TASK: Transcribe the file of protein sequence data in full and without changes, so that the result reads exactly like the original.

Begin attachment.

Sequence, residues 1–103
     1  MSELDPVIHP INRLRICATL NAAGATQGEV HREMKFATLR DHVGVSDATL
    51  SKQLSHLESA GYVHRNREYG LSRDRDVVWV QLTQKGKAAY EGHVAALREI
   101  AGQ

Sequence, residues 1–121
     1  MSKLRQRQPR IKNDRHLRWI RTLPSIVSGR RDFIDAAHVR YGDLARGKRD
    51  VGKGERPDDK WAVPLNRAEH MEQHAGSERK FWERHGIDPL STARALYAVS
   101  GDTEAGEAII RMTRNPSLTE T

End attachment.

Sequence, residues 1–103
     1  MSELDPVIHP INRLRICATL NAAGATQGEV HREMKFATLR DHVGVSDATL
    51  SKQLSHLESA GYVHRNREYG LSRDRDVVWV QLTQKGKAAY EGHVAALREI
   101  AGQ

Sequence, residues 1–121
     1  MSKLRQRQPR IKNDRHLRWI RTLPSIVSGR RDFIDAAHVR YGDLARGKRD
    51  VGKGERPDDK WAVPLNRAEH MEQHAGSERK FWERHGIDPL STARALYAVS
   101  GDTEAGEAII RMTRNPSLTE T